John Rhys-Davies Biography

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Birth Name: John Rhys-Davies
Born: 05/05/1944
Birth Place: Wiltshire, England, GB

Born May 5, 1944 in Salisbury, Wiltshire, England, Rhys-Davies spent much of his formative years in his mother's home town in Ammanford, Wales, while his mechanical engineer father worked in Tanzania. Rhys-Davies and his family later joined his father in Africa, residing there until he was nine, when he was sent back to England for his studies at the Truro School in Cornwall. There, Rhys-Davies saw his first theater shows, and by his teenage years, he was top-billed in school productions of classical plays. After graduating from the University of East Anglia and a brief stint as a schoolteacher, Rhys-Davies decided to devote himself fully to acting, enrolling at the Royal Academy of Dramatic Art.

U.K. television gave him his earliest wide exposure; most notably the crime series "Budgie" (ITV, 1970-72), where he played a gangster with the improbable name of Laughing Spam Fritter. As the 1970s wore on, he graduated to more prestigious television projects, including "The Naked Civil Servant" (1975) and "I, Claudius" (1976), as tough Praetorian guard Macro. Rhys-Davies soon found work in character roles for American television productions, most notably as the Portuguese captain who serves as antagonist to Richard Chamberlain in the NBC miniseries "Shogun" (1980). His performance earned him an Emmy nomination for Best Supporting Actor, and led to several more high-profile TV roles before joining a gallery of veteran British talent in the supporting cast of Steven Spielberg's "Raiders of the Lost Ark." Though not the biggest role in the film, Rhys-Davies won over audiences as the quick-witted, Gilbert and Sullivan-singing Arab excavator Sallah, making him a must-have for younger film directors who counted "Raiders" among their seminal movie experiences.

After "Raiders," Rhys-Davies tackled a wide variety of character parts in major Hollywood features, many of which called on him to display his knack for playing a wide variety of ethnic parts. He was Julie Andrews' manager in "Victor/Victoria" (1982), played Egyptian President Nasser in the TV biopic "Sadat" (1983), the Indian Babu in a TV-movie version of "Kim" (1984), and a villainous Soviet general in "The Living Daylights" (1985). Rhys-Davies was also the best thing about a number of low-budget genre pictures throughout the years, including "Sahara" (1983), with Brooke Shields; the ill-advised remake of "King Solomon's Mines" (1985) with Richard Chamberlain; and "Firewalker" (1986), a comedy with Chuck Norris. American television continued to offer him some of his best parts, including the miniseries "Noble House" (1988) - based, like "Shogun," on a novel by James Clavell - and "War and Remembrance" (1988), though his first attempt at a series, "The Quest" (ABC, 1982) disappeared without a trace.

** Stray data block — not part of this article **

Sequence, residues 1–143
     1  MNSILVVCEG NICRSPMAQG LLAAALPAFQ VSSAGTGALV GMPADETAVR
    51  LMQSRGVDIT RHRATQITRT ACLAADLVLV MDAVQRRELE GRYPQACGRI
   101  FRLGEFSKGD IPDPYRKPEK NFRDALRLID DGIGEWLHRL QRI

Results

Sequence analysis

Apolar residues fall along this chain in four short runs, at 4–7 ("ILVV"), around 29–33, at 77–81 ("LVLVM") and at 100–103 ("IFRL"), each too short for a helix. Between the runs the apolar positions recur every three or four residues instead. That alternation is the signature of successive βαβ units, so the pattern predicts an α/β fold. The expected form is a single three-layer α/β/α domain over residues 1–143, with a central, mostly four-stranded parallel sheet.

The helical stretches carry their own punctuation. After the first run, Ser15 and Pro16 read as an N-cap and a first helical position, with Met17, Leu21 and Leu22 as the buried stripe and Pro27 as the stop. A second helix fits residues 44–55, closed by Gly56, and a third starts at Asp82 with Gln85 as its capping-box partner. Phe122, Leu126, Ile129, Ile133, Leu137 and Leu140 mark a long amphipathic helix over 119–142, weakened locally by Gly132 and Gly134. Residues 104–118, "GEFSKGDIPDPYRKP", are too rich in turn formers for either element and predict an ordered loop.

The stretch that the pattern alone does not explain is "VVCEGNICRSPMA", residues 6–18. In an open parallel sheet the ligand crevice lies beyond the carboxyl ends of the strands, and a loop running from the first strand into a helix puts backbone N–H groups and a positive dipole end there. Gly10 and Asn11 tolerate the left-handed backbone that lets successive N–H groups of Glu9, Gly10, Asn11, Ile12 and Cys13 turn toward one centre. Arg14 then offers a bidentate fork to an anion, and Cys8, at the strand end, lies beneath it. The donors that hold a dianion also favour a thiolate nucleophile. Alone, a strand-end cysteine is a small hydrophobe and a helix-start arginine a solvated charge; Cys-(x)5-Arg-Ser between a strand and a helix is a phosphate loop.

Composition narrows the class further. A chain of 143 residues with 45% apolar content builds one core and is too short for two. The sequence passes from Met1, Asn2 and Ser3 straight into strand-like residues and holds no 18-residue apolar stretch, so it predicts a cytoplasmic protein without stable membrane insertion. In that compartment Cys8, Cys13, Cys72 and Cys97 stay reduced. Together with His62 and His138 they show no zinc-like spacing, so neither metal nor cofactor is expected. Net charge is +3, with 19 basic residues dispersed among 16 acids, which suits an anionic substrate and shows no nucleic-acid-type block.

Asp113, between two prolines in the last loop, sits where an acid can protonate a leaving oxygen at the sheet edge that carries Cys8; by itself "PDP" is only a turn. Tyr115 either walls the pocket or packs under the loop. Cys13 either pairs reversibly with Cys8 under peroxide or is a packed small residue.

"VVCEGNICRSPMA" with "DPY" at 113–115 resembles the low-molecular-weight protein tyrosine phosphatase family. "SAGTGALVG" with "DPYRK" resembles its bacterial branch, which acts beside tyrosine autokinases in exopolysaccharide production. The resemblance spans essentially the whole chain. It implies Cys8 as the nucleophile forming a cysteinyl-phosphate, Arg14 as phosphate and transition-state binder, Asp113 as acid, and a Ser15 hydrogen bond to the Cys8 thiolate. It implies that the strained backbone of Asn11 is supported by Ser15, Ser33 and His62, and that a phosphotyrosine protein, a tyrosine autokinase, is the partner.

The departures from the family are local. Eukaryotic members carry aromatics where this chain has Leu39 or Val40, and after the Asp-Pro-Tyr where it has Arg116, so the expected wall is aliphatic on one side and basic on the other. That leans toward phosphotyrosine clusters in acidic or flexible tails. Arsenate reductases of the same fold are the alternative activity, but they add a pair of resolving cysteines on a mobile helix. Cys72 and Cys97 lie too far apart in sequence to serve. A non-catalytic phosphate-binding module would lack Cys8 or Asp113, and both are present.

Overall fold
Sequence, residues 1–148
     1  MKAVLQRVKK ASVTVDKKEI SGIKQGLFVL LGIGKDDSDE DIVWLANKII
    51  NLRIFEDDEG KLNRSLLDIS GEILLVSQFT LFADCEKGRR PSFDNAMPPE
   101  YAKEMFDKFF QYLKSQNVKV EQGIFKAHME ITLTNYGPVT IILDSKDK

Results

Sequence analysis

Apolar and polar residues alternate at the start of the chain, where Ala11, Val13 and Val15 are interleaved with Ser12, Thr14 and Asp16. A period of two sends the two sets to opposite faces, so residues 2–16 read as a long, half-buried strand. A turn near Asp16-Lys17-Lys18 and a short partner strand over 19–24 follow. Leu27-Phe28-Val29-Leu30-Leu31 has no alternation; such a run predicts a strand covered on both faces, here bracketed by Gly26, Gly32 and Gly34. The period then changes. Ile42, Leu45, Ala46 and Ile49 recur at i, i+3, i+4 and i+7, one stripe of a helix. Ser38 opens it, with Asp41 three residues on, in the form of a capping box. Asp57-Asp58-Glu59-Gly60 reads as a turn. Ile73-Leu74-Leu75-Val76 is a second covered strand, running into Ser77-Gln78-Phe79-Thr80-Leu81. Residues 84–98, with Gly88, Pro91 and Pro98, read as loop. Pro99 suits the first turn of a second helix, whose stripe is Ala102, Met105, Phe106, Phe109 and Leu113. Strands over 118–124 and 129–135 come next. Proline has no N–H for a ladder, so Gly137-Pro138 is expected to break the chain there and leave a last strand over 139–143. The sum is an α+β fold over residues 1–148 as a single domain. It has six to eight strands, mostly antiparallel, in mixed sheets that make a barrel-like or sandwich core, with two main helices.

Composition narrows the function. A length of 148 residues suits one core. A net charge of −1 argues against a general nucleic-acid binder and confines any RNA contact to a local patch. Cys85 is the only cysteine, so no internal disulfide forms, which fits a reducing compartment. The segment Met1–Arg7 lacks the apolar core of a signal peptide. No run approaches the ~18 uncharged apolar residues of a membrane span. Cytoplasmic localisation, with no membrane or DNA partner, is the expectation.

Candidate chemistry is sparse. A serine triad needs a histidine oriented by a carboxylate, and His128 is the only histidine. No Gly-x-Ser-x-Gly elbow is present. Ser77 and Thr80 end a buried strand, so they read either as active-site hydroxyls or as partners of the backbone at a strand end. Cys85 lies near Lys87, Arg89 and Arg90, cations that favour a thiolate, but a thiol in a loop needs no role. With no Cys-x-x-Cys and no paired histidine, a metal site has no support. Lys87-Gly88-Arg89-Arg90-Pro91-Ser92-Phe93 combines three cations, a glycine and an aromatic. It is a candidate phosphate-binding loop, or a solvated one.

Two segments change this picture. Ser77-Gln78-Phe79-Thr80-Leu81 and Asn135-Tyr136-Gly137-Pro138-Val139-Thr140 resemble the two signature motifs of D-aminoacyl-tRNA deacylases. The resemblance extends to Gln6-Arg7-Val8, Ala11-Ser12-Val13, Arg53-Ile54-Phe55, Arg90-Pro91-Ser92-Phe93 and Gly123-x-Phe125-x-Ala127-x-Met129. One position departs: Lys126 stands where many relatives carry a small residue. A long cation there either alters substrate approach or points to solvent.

In 1989, Rhys-Davies reprised his role as Sallah (and was given more screen time) in "Indiana Jones and the Last Crusade," the second sequel to "Raiders." He continued to bounce between major projects, low budget features and television to varying degrees of success (including the thriller "Tusks," 1990, which marked his debut as screenwriter). In 1992, he began lending his voice to animated series, starting with "Batman" (The WB, 1992-95), and video games, including the "Wing Commander" series. In 1995, he revived Sallah again in a short feature filmed for the Indiana Jones ride at the Disneyland resorts. That same year, he enlivened the science fiction series "Sliders" (Fox/Sci-Fi Channel, 1995-99) as blustery science professor Maximillian Arturo, who traveled through time with three younger companions. Rhys-Davies also penned two episodes of the series before opting out of the show at the end of its third season (Arturo is gunned down by a villain played by Roger Daltrey). A subsequent effort at a series, "You Wish" (ABC, 1997), which cast him as a mentor genie for an apprentice wish-giver, was mercifully short-lived, though he received excellent notices as a holographic Leonardo Da Vinci in several episodes of "Star Trek: Voyager" (UPN, 1995-2001).